Can Swift stay relevant in a world of blockchain?
Swift, founded in 1973 with the aim of standardizing how cross-border payments are sent, is the epitome of a middleman. It sits between many of the banks worldwide, making money off the fees it charges when its members sent transactions between one another.
Since its founding, the number of Swift member banks has grown from 239 to more than 11k. Last year, the “cooperative society” sent 6.1bn financial messages on behalf of its members, earning €710m in operating revenue.
Then came the blockchain, and in many ways, all that money is up for grabs.
By providing a shared platform for exchanging transactions in real-time, the technology has led some industry middlemen to reevaluate their roles. With a blockchain, the potential exists for all of Swift’s members to someday send each other money instantly, instead of several days it can currently take.
Swift isn’t planning to go down without a fight, according to those on the front lines working to help ensure the payment network remains relevant. Yet that doesn’t mean it’s unwilling to change.
The organization is spearheading a new payments initiative, led by some of the world’s largest banks, that approximates the functionality of blockchain. Swift has also pursued a broad collaborative effort alongside startups, looking to adapt to both the technological and cultural winds of change that are shaping finance today.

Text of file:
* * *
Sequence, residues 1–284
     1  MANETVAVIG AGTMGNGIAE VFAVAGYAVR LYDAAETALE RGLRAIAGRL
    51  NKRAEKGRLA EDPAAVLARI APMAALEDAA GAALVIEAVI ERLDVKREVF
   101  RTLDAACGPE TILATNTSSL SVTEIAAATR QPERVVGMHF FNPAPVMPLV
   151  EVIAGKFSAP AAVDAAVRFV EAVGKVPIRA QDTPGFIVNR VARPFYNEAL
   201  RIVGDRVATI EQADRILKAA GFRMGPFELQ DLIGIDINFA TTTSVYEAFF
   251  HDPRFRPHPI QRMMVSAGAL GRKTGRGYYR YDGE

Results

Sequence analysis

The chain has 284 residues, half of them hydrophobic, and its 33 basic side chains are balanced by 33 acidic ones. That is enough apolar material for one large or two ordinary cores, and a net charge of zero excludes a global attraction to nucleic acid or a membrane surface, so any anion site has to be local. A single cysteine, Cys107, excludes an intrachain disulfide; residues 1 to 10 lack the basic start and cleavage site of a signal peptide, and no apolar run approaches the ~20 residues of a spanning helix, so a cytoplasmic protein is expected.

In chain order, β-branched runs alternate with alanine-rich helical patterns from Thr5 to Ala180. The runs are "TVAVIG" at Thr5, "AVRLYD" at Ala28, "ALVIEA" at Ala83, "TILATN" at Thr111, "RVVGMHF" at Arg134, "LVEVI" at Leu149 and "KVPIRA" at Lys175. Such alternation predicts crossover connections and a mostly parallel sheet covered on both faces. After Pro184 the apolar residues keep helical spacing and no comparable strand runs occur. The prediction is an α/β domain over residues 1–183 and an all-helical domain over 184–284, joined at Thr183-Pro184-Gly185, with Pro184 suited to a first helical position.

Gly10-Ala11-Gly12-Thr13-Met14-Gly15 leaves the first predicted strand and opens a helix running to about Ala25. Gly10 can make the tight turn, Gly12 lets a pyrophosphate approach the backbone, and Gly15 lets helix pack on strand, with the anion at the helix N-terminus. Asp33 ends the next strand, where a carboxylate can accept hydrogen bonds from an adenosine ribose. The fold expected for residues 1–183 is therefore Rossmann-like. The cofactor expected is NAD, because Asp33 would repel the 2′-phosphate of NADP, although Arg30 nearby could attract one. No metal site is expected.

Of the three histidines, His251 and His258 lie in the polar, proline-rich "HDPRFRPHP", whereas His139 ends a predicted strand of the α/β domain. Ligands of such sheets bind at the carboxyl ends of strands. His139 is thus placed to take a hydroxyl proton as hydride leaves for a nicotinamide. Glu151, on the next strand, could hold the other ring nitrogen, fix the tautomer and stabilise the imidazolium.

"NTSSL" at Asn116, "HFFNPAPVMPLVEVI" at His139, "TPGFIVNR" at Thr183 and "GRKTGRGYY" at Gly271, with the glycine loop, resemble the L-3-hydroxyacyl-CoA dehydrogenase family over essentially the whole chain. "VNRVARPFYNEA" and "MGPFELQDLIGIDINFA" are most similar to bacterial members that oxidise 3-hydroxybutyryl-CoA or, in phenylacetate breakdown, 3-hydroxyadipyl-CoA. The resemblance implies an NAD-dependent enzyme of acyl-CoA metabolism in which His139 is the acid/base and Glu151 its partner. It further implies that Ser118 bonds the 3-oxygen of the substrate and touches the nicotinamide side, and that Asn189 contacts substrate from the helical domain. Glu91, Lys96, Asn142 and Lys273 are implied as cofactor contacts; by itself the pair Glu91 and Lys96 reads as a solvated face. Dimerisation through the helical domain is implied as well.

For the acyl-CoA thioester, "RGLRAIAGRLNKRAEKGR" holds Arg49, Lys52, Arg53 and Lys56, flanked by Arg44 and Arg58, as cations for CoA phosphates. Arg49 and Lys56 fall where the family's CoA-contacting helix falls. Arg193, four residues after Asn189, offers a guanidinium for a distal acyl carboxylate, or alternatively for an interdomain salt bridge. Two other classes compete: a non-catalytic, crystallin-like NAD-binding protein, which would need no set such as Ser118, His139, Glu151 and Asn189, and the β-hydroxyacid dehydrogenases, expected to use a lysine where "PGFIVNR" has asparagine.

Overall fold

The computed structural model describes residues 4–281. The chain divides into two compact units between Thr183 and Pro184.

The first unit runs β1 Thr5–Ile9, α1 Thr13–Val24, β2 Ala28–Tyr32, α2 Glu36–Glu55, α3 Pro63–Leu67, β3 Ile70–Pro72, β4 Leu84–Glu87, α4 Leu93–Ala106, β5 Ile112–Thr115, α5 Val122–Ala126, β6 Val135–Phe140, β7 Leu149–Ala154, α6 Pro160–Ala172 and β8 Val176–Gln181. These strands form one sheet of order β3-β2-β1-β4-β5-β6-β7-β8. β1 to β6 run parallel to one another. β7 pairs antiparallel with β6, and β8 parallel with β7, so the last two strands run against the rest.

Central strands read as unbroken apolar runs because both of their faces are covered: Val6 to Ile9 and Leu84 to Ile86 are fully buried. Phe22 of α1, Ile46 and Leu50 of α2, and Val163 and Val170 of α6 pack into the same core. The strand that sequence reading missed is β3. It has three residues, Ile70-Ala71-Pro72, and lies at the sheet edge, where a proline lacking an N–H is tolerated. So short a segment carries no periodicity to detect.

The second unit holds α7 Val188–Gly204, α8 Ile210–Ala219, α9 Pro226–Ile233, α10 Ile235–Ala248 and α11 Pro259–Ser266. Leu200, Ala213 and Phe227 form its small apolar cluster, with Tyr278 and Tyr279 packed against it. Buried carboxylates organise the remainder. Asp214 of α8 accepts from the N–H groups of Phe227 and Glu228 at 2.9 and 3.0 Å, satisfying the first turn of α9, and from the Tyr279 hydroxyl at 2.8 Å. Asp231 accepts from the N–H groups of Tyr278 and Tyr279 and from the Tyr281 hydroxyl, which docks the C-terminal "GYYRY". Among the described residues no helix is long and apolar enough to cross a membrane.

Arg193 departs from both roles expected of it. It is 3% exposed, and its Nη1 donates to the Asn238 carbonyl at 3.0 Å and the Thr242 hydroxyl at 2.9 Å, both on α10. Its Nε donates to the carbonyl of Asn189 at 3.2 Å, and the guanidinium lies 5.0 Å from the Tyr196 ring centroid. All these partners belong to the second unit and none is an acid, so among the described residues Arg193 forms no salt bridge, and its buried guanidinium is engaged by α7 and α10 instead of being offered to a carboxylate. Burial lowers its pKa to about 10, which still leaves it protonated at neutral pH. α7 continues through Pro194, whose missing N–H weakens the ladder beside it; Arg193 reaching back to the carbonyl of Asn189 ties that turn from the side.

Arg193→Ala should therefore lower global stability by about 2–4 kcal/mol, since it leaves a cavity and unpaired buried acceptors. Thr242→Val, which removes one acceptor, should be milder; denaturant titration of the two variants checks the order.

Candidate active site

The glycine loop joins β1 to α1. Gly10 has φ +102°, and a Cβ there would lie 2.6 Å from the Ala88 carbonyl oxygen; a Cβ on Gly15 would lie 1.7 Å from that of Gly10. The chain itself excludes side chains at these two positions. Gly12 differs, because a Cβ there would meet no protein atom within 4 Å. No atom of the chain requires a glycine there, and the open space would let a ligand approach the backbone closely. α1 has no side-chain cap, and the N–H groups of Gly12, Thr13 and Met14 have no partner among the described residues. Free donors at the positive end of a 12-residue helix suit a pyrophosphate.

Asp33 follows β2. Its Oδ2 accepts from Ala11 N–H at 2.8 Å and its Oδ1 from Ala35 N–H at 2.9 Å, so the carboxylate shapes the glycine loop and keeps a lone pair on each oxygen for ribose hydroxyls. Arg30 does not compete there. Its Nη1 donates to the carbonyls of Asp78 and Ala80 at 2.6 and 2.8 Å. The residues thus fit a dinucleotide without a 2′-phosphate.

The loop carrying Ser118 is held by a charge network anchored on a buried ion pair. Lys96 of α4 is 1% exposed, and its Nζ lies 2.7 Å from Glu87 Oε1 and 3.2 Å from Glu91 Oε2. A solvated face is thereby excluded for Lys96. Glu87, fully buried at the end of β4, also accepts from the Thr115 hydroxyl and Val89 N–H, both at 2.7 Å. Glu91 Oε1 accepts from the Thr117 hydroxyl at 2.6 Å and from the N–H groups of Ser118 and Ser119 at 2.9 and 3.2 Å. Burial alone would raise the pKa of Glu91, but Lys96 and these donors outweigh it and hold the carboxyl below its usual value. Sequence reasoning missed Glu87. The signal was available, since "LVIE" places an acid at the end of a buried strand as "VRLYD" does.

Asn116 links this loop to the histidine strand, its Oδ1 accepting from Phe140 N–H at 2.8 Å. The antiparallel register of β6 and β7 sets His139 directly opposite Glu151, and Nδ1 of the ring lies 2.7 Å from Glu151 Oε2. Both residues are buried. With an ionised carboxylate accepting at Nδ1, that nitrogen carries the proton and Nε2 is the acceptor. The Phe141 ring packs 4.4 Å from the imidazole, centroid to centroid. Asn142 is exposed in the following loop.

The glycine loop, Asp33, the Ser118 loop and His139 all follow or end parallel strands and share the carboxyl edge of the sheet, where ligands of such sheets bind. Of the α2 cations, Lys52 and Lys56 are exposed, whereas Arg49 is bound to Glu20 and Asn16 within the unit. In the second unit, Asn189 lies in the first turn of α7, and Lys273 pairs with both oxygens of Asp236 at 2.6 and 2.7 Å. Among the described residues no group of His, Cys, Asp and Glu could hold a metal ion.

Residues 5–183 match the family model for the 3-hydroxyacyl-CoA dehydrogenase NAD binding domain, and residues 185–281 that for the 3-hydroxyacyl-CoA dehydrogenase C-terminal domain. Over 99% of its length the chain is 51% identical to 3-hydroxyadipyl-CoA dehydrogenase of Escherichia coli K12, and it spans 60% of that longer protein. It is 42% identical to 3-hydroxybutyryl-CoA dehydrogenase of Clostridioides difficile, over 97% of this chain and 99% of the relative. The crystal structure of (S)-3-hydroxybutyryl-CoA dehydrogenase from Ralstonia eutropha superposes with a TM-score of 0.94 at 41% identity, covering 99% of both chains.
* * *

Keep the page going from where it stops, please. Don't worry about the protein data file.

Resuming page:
A new foundation
At the heart of this effort is a plan to reinvent how Swift functions at its core.
Released as a pilot last month, the Global Payments Initiative is aimed at boosting transparency and speeding up the time in which it takes to complete a transaction.
In September, Swift CEO Gottfried Leibbrandt told an audience of 8,000 people at Sibos that his company was looking at blockchain as a way to further enhance the GPI.
One of the ten global banking executives leading Swift’s GPI Vision Group, which is tasked with laying out the long-term goals of the platform, says that his team is working to anticipate the potentially disruptive — and beneficial — forces of blockchain.
BNY Mellon Treasury Services head of global product management Tony Brady told CoinDesk:
“While we’re addressing the problems with cross-border payments with the technologies that are already available, that we already know are scalable, secure…. We want to start to evaluate whether emerging technology helps us in some way.”
According to Swift, the GPI is being designed to reduce transaction completion times from as long as five days to a single day or less. Potential areas of improvement include an even more transparent fee structure and, in some cases, near-instantaneous settlement times. More than 80 global banks are set to use the new platform when it goes live next year.
Yet working with the existing leaders in the financial industry will only go so far – especially when the competition itself is increasingly coming from the startup space.
Article Source: http://www.coindesk.com